windyhill4.2 wrote:While i am no plumber, my understanding of pipe pitch is that too much pitch allows the water to exit too fast, which empties the trap allowing methane gas to come into the house. I never heard anything about the brown trout getting stranded with no water to swim to the pool.
Very true regarding the vent siphoning. There are required 'horizontal' run distances from a trap based on drain pipe size and also required vent sizing to keep this from happening.
Regarding pitch it should be noted that the fittings are molded so pipe that is seated properly has the 1/4" pitch. If a pipe comes out of a fitting with a lot more pitch than that you may not be seated properly and have a potential leak point.
As understand it the plumbing code only recently included a 'too much pitch' note and many places probably haven't started using the newest code...(and I can't give you a paragraph number, only going by what someone who recently went through union education classes told me at a trade show this past spring). It had only ever mentioned a minimum pitch before that. Side note...Anything over 45* is considered vertical. Also, as I have seen, the use of smooth wall plastic pipe (relative to older iron pipe) greatly reduces the supposed issue of water outrunning the brown trout causing problems. And as has already been mentioned, if it does happen the next wave of water will move the solids along nicely. It seems typical they introduce the code update when materials being used probably negate the need, but I suppose the panels that maintain the codes need something to do on their vacation conferences. I have never seen a white paper or plumbing research study done that confirms the theory of too much pitch.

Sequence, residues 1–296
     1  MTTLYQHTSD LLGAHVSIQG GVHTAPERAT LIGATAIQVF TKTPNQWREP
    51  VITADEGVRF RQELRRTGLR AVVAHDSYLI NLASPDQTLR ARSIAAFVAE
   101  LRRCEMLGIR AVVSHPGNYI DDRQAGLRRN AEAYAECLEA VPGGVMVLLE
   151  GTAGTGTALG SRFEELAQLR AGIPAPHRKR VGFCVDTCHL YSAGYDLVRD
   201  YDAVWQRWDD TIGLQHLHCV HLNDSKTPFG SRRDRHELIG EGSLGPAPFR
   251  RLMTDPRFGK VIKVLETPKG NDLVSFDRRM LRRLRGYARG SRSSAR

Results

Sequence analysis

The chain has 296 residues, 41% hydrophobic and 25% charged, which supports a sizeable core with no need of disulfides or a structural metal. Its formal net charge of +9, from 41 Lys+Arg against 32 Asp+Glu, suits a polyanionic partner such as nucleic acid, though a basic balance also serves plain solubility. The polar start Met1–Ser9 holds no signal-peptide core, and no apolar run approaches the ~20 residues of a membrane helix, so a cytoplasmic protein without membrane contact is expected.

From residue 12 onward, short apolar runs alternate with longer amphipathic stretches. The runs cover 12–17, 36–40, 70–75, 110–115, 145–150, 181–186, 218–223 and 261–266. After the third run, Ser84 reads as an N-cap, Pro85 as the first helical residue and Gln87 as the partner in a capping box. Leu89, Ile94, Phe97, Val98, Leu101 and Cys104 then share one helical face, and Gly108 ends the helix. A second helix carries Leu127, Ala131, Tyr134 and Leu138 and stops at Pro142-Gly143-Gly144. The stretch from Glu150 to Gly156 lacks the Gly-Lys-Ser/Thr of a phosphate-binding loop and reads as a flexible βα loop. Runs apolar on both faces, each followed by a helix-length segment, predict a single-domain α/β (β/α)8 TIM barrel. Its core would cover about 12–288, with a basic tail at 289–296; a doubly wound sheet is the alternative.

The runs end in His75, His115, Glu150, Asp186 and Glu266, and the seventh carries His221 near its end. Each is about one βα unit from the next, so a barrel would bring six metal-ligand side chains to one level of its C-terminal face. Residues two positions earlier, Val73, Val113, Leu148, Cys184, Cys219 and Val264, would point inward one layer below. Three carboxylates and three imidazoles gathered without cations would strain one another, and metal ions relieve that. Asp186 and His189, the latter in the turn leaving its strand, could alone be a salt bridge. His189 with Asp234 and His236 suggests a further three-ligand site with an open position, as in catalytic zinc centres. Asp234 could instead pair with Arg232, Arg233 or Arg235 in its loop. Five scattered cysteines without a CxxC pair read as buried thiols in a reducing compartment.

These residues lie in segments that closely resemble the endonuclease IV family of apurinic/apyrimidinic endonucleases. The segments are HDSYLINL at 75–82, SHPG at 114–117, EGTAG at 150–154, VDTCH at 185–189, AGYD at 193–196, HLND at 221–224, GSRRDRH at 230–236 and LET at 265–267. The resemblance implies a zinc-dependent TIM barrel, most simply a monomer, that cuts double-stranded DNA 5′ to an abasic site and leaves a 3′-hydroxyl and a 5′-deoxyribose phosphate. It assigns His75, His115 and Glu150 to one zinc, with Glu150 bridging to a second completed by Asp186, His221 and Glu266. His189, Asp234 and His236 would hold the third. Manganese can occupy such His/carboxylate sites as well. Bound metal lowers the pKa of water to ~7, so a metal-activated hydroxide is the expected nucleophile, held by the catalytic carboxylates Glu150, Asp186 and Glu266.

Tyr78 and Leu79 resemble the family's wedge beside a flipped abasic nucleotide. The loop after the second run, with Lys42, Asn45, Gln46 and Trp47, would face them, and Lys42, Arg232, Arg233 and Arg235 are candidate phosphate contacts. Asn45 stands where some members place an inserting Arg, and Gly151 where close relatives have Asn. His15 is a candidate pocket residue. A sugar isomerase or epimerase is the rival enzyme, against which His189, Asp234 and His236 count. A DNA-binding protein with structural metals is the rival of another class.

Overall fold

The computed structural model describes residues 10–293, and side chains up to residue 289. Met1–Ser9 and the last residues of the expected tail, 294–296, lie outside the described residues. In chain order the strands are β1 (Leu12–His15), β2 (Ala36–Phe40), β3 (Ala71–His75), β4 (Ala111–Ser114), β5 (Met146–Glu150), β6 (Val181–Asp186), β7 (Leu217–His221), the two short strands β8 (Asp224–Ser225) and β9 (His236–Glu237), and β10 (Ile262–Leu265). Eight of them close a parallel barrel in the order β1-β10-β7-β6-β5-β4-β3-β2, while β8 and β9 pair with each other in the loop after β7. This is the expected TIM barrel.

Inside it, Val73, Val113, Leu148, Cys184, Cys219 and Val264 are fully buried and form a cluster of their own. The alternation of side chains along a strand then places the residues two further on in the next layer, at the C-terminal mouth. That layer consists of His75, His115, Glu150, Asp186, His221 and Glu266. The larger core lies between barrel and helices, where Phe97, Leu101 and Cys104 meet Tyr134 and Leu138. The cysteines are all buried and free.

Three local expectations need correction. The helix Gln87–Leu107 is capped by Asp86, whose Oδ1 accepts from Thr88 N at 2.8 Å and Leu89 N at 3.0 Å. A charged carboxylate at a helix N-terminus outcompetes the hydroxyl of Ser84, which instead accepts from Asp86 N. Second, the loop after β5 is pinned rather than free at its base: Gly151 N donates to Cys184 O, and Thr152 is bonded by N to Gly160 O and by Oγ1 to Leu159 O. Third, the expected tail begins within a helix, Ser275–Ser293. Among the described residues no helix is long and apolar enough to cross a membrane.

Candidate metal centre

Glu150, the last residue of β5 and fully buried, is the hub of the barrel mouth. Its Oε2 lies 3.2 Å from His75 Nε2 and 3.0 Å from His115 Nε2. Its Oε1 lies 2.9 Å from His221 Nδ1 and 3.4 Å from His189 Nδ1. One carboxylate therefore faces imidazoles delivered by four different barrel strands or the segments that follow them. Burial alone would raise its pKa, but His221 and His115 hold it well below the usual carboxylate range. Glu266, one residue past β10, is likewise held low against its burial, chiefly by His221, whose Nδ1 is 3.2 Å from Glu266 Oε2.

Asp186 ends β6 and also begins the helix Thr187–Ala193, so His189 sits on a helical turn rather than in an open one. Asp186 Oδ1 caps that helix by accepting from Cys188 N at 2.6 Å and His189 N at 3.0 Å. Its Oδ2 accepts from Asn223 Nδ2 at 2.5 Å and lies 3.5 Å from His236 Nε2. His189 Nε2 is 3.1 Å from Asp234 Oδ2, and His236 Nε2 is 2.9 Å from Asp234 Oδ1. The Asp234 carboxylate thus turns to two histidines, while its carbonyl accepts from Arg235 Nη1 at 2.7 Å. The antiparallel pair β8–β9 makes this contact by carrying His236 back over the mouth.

I do know some cities require laterals entering mains from being too steep as they claim it interferes with the flow in the mains. But those requirements have nothing to do with solids building up in laterals.